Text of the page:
Published since 2002
Mike Perciaccante has been contributing live rock reviews to the weekend edition of All About Jazz since 2002.
Touring behind his latest "Greatest Hits" package, Twenty-Five, were over a dozen accompanying musicians and an additional six back-up singers (admittedly, it might have proven more interesting to see less of the back-up singers and more of the stellar band members, who were kept hidden for most of the evening by the stage configuration).
Ever the showman, Michael's stage set-up was unlike anything The Garden had ever seen before. The band was situated on a three-tier set-up on either side of the huge five-story center LED video screen, which sloped from well above the third level down to the floor under the singer's feet and on to the catwalk that extended into the crowd. Additional, three-story monitors were placed on both sides of the center video screen. Pre-recorded vignettes of models, showgirls and the Red Light District in Amsterdam (all of which Michael commented were for "the boyfriends dragged here tonight") interspersed with live candid footage were projected on these screens during each song.
Prior to show time, the crowd was waiting with anticipation for the concert to start when suddenly the lights dimmed, the LED monitors separated and Michael made a dramatic entrance for the opening notes of "Waiting" from Faith (Columbia, 1987). The first set, though a bit uneven in production details, was highlighted by the Wham! staples "I'm Your Man" and "Everything She Wants," which brought Michael and many long-time female fans back to that special time in the 1980s before he parted with Andrew Ridgeley, went through a very public divorce with his record label, and became front-page news for his sexual behavior rather than his music. Soon, "Father Figure" became a sing-along as young and old joined Michael for the ballad, which was clearly no less heartfelt for the number of times the vocalist had previously performed it.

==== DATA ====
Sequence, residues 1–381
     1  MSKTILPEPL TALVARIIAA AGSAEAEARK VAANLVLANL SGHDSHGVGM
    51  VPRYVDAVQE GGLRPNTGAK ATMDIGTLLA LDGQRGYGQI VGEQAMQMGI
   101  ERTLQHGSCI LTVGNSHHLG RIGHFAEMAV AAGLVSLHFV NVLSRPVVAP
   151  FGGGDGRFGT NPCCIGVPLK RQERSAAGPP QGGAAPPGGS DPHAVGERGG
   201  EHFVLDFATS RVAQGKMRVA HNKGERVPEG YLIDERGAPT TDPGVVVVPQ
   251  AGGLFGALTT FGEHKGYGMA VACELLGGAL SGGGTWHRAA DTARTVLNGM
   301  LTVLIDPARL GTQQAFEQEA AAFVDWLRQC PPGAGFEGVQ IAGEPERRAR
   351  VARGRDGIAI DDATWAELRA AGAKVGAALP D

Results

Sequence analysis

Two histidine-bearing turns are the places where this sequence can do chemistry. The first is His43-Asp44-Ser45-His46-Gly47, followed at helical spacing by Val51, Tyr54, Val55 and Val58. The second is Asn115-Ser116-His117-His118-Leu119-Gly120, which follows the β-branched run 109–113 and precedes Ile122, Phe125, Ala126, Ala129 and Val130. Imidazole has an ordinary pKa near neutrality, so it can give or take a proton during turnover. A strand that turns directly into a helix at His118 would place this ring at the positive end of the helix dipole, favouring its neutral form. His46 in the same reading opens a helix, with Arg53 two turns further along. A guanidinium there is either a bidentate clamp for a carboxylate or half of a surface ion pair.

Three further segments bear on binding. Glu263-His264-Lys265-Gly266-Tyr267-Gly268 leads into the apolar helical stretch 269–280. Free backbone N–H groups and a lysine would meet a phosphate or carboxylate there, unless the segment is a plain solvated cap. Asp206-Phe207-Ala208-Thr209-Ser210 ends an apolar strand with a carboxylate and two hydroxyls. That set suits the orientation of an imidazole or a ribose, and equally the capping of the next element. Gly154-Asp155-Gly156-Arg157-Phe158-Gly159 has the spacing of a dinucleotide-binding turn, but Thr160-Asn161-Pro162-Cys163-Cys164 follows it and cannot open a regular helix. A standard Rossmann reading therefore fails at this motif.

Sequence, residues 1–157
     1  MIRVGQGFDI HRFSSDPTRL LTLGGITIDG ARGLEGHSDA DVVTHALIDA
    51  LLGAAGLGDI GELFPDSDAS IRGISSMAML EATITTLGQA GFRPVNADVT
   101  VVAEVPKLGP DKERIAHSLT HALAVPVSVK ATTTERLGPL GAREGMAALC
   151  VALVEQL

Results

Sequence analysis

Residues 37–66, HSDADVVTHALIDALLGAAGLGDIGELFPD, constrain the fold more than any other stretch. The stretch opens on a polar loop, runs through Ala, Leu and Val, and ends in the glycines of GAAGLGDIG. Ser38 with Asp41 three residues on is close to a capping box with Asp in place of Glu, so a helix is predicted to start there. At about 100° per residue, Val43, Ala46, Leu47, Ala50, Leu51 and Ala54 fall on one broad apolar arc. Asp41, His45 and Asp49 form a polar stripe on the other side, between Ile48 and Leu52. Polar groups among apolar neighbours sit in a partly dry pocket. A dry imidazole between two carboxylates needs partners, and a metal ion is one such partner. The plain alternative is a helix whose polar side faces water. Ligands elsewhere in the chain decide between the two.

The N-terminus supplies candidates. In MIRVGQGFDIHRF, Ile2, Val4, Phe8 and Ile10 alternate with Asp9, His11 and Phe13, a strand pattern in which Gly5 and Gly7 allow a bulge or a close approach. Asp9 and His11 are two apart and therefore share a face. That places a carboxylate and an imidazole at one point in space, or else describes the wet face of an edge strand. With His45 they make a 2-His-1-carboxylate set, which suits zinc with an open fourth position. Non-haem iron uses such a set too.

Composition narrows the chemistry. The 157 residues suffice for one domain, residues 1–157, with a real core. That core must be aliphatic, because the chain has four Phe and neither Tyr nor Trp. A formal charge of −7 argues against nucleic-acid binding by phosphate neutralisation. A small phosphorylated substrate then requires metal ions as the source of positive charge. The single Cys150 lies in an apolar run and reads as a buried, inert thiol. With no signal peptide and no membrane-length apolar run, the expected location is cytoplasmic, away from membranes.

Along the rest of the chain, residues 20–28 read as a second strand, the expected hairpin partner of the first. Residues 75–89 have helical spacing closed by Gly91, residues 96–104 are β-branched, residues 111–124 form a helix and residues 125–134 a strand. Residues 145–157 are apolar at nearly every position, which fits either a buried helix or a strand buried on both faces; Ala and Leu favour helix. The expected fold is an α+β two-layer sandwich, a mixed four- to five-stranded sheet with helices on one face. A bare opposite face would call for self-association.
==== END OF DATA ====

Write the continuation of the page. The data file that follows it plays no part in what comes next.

After a 20-minute intermission featuring videos of John Lennon and Elvis Presley projected on the monitors, Michael returned to thunderous applause once again, as he launched into a spirited version of "Faith" (his first #1 hit), which featured a rockabilly-tinged semi-Bo Diddley backbeat. His reworked, soulful version of "Roxanne" was surprising in its jazz-based simplicity yet no less pleasing than the original.
But it was on the encores that Michael really shined. "Praying For Time," "Careless Whisper" and "Freedom," with their familiar pop/R&B/soul arrangements, were the songs that the fans left no doubt they had come to hear.
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